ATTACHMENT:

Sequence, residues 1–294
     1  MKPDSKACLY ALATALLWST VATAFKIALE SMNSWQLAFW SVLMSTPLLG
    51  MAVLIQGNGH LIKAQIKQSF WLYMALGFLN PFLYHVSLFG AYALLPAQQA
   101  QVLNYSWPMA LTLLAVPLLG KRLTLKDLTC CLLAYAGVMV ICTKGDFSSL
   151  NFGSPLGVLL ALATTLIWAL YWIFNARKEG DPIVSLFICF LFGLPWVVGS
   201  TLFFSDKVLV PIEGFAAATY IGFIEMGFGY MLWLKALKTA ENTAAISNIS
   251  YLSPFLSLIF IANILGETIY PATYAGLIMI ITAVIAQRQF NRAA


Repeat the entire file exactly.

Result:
Sequence, residues 1–294
     1  MKPDSKACLY ALATALLWST VATAFKIALE SMNSWQLAFW SVLMSTPLLG
    51  MAVLIQGNGH LIKAQIKQSF WLYMALGFLN PFLYHVSLFG AYALLPAQQA
   101  QVLNYSWPMA LTLLAVPLLG KRLTLKDLTC CLLAYAGVMV ICTKGDFSSL
   151  NFGSPLGVLL ALATTLIWAL YWIFNARKEG DPIVSLFICF LFGLPWVVGS
   201  TLFFSDKVLV PIEGFAAATY IGFIEMGFGY MLWLKALKTA ENTAAISNIS
   251  YLSPFLSLIF IANILGETIY PATYAGLIMI ITAVIAQRQF NRAA